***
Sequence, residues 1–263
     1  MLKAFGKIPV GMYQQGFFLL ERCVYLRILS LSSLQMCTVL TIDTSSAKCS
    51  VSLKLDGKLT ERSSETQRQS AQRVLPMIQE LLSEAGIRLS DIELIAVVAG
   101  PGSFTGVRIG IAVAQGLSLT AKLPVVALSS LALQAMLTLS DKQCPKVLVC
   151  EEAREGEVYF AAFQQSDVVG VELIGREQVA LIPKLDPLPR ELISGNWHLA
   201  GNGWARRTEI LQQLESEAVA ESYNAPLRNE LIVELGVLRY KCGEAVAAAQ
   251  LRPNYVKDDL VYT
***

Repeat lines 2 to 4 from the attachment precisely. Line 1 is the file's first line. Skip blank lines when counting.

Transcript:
     1  MLKAFGKIPV GMYQQGFFLL ERCVYLRILS LSSLQMCTVL TIDTSSAKCS
    51  VSLKLDGKLT ERSSETQRQS AQRVLPMIQE LLSEAGIRLS DIELIAVVAG
   101  PGSFTGVRIG IAVAQGLSLT AKLPVVALSS LALQAMLTLS DKQCPKVLVC